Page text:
Smoky Mustardy Kielbasa Pasta Recipe – Simples Recipe Ever

Smoky Mustardy Kielbasa Pasta Recipe – Simples Recipe Ever :- The ultimate comfort food is this kielbasa pasta, but with some lighter modifications! It’s similar to adding sliced hot dogs to your mac & cheese, but more sophisticated. Because it’s created with Greek yogurt, the sauce is lighter than you might think.

 

Smoky Mustardy Kielbasa Pasta Recipe – Simples Recipe Ever

Think of it as the Dijon equivalent of my light “Alfredo” sauce from my recipe for Blacked Cajun Chicken with Light Fettuccine “Alfredo.” Although the meal isn’t very light overall, I’m pleased to cook this recipe a little more frequently because the Greek yogurt sauce has a lot less calories than a standard cream-based sauce.

 

Turkey kielbasa, which has around half the calories and fat of traditional kielbasa, is what I use nearly exclusively for this recipe. It comes together quite quickly, which makes it ideal for a hectic weeknight.

While the pasta is boiling, you may prepare the sauce and cook the kielbasa. Before serving, you can choose to sear the top of the entire thing by placing it in your oven’s broiler.

 

INGREDIENTS

  • 12-14 oz turkey kielbasa or other kielbasa, thinly sliced
  • 8 oz penne pasta or similar
  • ½ cup nonfat plain Greek yogurt 1 single serve container
  • ¾ cup freshly grated Parmesan cheese divided
  • 1 cup chicken stock
  • 2 tablespoon corn starch
  • 2-3 tablespoon coarse ground Dijon mustard I use Grey Poupon Country Dijon
  • ½ tablespoon freshly minced garlic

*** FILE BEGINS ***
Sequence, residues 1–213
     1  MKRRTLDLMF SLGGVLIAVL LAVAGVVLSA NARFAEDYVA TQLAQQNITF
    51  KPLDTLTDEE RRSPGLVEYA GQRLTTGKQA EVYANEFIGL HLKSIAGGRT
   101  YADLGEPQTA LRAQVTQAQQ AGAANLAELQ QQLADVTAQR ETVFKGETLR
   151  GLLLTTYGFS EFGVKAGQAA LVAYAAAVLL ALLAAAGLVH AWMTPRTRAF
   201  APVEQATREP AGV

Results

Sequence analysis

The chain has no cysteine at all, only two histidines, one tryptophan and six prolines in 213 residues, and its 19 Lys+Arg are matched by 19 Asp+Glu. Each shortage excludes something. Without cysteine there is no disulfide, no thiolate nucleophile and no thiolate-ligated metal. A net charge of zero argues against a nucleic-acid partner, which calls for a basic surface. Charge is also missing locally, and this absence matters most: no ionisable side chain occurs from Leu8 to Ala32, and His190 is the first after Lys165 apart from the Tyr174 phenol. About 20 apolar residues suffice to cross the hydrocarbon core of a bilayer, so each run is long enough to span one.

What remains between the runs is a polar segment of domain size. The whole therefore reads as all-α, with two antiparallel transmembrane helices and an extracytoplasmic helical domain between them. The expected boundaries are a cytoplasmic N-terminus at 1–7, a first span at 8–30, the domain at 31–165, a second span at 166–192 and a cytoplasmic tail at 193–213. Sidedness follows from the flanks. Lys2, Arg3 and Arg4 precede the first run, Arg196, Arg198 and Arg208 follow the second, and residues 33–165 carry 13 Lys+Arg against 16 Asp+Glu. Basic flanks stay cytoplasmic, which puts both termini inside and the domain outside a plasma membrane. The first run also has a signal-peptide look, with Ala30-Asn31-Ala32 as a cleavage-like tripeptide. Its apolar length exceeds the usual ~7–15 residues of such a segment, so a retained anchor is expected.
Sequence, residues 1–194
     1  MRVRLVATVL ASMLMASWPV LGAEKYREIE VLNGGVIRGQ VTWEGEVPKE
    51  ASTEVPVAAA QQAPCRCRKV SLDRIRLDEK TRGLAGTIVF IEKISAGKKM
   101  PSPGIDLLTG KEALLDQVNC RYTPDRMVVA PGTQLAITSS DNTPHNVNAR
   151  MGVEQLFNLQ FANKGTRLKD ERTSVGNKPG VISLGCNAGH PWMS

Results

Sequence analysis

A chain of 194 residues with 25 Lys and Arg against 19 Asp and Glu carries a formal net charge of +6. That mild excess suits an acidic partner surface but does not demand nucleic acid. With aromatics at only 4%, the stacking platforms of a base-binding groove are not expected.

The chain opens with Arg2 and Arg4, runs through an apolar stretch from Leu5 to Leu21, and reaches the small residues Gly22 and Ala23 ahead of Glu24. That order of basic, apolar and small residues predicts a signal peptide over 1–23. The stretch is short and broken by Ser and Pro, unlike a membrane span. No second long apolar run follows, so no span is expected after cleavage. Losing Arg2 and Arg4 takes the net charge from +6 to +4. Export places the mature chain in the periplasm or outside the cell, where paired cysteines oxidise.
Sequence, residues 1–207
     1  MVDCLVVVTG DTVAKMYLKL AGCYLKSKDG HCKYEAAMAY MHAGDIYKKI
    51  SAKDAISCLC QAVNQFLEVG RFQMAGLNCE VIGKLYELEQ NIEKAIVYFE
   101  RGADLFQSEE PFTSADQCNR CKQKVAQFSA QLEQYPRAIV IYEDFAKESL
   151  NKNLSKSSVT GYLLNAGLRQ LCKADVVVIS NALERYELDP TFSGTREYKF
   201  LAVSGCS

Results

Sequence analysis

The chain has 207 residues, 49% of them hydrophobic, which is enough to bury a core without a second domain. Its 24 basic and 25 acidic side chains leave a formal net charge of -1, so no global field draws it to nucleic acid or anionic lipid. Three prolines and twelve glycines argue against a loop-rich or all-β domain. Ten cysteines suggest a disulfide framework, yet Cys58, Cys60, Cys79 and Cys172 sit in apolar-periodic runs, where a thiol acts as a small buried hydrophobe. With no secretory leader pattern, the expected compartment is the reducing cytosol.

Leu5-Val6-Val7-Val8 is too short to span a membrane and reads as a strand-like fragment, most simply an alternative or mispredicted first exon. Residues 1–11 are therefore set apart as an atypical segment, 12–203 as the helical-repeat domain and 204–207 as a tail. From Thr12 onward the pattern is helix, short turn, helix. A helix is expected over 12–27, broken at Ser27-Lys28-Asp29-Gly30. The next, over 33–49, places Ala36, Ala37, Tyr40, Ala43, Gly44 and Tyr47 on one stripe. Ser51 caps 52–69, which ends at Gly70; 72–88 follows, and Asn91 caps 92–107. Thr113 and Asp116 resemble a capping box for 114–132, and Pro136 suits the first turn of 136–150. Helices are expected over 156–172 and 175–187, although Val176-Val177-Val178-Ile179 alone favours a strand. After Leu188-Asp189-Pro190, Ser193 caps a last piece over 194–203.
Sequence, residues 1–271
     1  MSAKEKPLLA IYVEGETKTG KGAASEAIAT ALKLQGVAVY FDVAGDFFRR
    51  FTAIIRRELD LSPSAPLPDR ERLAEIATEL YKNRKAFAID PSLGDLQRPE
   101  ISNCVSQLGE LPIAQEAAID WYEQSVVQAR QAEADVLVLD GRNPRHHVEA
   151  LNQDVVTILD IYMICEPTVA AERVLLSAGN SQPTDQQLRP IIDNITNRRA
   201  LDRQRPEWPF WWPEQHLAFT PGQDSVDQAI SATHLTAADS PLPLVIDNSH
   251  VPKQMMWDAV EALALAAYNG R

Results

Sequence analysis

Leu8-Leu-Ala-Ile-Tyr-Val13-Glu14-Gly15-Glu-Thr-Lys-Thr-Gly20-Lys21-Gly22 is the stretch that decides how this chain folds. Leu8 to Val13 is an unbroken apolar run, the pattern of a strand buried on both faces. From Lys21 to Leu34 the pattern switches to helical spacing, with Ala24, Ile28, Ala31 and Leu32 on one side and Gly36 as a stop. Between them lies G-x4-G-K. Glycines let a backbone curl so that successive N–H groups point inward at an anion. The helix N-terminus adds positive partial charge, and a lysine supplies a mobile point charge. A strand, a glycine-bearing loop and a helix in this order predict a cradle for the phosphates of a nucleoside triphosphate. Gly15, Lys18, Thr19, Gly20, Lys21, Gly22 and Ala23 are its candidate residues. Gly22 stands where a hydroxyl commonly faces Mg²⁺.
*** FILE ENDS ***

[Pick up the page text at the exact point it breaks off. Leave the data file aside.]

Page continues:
• salt
  • fresh cracked black pepper
  • olive oil

 

INSTRUCTIONS

While the other stages are being completed, bring a pot of salted water to a boil and cook the pasta in accordance with the instructions on the package. Warm up and drain the water.

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In a large skillet, bring one tablespoon of olive oil to a warming temperature over medium heat. After adding the sliced kielbasa, continue to cook it for a few minutes on each side, tossing it occasionally, until it begins to change color and become crisp.

 

Put the food on a plate lined with paper towels and remove it from the pan; do not wipe the pan clean.
Reduce the temperature of the pan by a small amount. The corn starch should be dissolved in the chicken stock, and once it is completely blended, it should be added to the pan.

 

Proceed with caution, since this may cause the leftover oil to splatter. First, bring the chicken stock mixture to a simmer, and then gradually incorporate the yogurt by whisking it in, adding a few tablespoons at a time. When it comes to this step, I prefer to use a flat whisk.

 

Once the ingredients have been blended and the sauce has been simmered for a further period of time, the garlic, ½ cup of the parmesan cheese, and the dijon mustard (two tablespoons to three tablespoons, depending on how strong your dijon is and how strong you want it to be in the sauce – I use three tablespoons) should be added.

 

Add salt and pepper to taste, and season with salt. Put the heat on low until you are ready to use it. After draining the pasta, add it to the skillet with the sauce and toss it until it is well covered in the sauce.

To finish, add the sliced kielbasa to the pasta and gently mix it into the pasta. Finally, sprinkle the remaining half cup of Parmesan cheese on top.

 

Take away from the heat. Place the dish in the oven and place it under the broiler for two to three minutes. During this time, make sure to keep a close eye on it to ensure that nothing burns.

For this step, check to see that your skillet can be used in the oven. This causes the cheese to melt and gives the top a slight hint of crispiness. Serve as soon as possible.

 

Nutrition

  • Calories: 650
  • Sugar: 2.7g
  • Sodium: 1285.5mg
  • Fat: 40.5g
  • Saturated Fat: 18.4g
  • Unsaturated Fat: 3.8g
  • Trans Fat: 0.2g
  • Carbohydrates: 48.4g
  • Fiber: 2.2g
  • Protein: 23.3g
  • Cholesterol: 120.5mg

 

NOTES

Fresh parmesan cheese should be used whenever possible because it may have difficulty melting into the sauce if it is canned.

 

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